By Chet Yarbrough
King Richard: Nixon and Watergate-An American Tragedy
By: Michael Dobbs
Narrated by: Mark Bramhall
Michael Dobbs (Author, British member of the House of Lords, graduate of Oxford and Tufts University.)
Appropriately, it is a British citizen who writes a biography that focuses on Nixon’s years as President of the United States. An American is much less likely to be objective about Nixon’s Presidency.
Like yesterday’s Richard Nixon and today’s Donald Trump, Americans love or revile former Presidents.
The title of Dobbs’ book exemplifies a legitimate view of Richard Milhouse Nixon as an American tragedy. One doubts history will ever consider Trump’s fall from power as a tragedy. Both Nixon and Trump act like Kings but Nixon served America in ways that justify Dobb’s book title for Nixon as “…American Tragedy”.
Dobbs reminds Americans of Nixon’s prescient understanding of China by opening China to the west.
Nixon extricated America from Vietnam, a war that could not be justified or defeated by the delusional beliefs of past Presidents who believed in the domino theory of communist expansion.
Though Dobbs did not write about Nixon’s domestic policies, it was his presidency that formed the Environmental Protection Agency and instituted the war on cancer with a $100-million-dollar subsidy creating national cancer research centers. Nixon signed the Title IX civil rights law preventing gender bias at colleges and universities receiving federal funds. Nixon provided Native Americans the right of tribal self-determination. Nixon expanded social security benefits for working families.
Dobbs notes Nixon exhibits a kind of insecurity that clouds his judgement. That insecurity leads to the foolish decision to invade the Watergate Democratic headquarters; compounded by a cover-up that ends with Nixon’s resignation.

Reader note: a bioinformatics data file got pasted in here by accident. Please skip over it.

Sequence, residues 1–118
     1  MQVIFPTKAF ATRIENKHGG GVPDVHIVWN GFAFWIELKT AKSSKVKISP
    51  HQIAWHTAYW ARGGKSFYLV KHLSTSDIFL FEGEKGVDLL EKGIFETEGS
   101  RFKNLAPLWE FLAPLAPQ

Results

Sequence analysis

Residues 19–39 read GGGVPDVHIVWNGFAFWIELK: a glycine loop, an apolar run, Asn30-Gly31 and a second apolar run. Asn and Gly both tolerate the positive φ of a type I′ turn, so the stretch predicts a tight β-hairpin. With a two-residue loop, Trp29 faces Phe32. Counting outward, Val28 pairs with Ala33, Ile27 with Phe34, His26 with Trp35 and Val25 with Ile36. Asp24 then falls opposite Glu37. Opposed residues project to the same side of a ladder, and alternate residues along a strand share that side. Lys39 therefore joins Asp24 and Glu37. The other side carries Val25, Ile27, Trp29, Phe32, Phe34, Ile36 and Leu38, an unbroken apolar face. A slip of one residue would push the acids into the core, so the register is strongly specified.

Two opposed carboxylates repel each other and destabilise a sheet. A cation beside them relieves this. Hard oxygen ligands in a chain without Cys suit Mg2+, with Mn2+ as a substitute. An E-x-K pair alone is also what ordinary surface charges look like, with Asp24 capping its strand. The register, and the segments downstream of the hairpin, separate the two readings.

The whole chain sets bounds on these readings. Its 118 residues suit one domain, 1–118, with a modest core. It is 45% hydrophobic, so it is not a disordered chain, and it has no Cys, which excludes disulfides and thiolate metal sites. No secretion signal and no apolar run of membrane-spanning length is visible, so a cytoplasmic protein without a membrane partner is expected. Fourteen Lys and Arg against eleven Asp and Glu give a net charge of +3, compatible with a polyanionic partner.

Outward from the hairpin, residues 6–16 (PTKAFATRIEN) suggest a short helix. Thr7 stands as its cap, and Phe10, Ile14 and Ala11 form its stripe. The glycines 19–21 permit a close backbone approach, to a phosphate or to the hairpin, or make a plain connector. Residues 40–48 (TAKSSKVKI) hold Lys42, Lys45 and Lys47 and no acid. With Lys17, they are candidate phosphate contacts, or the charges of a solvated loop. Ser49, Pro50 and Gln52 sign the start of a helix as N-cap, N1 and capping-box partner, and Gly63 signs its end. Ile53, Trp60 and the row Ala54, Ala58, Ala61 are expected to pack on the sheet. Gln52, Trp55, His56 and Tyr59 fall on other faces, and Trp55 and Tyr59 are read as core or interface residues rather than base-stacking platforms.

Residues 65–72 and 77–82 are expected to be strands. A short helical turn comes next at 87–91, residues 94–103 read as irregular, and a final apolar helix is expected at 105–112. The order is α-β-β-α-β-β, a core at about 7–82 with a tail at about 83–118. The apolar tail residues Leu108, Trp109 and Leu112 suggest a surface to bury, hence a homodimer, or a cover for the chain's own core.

The prestige of office magnifies strengths and weaknesses of one who becomes a national leader. The potential for abuse of power by authoritarians has been demonstrated many times in world history. America is no exception. Dobbs details Nixon’s fall from the Presidency.
Dobb’s story of Nixon is an interesting contrast to Trump’s rise and fall. In no way is that to suggest there is any equivalence in intellect or contribution of these two Presidents because one is a tragedy while the other is a farce.
Dobb’s paints a picture of Nixon that is at times imperious and, at other times, endearing and vulnerable. Nixon seems a lonely man who loves his children but seems distant from his wife. Nixon has few friends.
A fundamental difference between Nixon and Trump is that Nixon rose to fame from nothing while Trump is born to wealth. Nixon earned his education. Trump bought his education.
To Nixon, Dobb’s shows money is a means to an end. To Trump, money seems all there is, and value is only measured by how much you have.
Nixon appears to have useful friends, not pleasant friends. The few pleasant friends are like Bebe Rebozo who never challenges his opinion and listens rather than asks questions. Useful friends are protected or abandoned based on personal loyalty. Any disagreement by useful friends with Nixon’s or Trump’s public pronouncements is perceived as disloyalty.
Both Nixon and Trump revile criticism, particularly from the press. Nixon is willing to sacrifice his closest subordinates if required to protect his position. Both ex-Presidents of the United States were willing to use the power of their office to pardon the guilty who have followed their orders.
All who become close to Nixon or Trump have been positively and negatively infected by their association. “King Richard” is a reminder of America today.